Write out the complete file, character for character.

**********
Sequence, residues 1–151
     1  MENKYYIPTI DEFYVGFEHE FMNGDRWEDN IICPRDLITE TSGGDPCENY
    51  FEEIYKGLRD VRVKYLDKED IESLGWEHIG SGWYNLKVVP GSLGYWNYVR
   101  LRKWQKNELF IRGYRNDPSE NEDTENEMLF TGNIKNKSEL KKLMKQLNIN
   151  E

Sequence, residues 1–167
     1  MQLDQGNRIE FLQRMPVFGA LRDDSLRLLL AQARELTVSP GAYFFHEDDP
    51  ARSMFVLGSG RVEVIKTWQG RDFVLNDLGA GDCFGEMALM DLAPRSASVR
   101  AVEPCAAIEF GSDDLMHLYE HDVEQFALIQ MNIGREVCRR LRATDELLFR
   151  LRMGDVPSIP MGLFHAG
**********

Sequence, residues 1–151
     1  MENKYYIPTI DEFYVGFEHE FMNGDRWEDN IICPRDLITE TSGGDPCENY
    51  FEEIYKGLRD VRVKYLDKED IESLGWEHIG SGWYNLKVVP GSLGYWNYVR
   101  LRKWQKNELF IRGYRNDPSE NEDTENEMLF TGNIKNKSEL KKLMKQLNIN
   151  E

Sequence, residues 1–167
     1  MQLDQGNRIE FLQRMPVFGA LRDDSLRLLL AQARELTVSP GAYFFHEDDP
    51  ARSMFVLGSG RVEVIKTWQG RDFVLNDLGA GDCFGEMALM DLAPRSASVR
   101  AVEPCAAIEF GSDDLMHLYE HDVEQFALIQ MNIGREVCRR LRATDELLFR
   151  LRMGDVPSIP MGLFHAG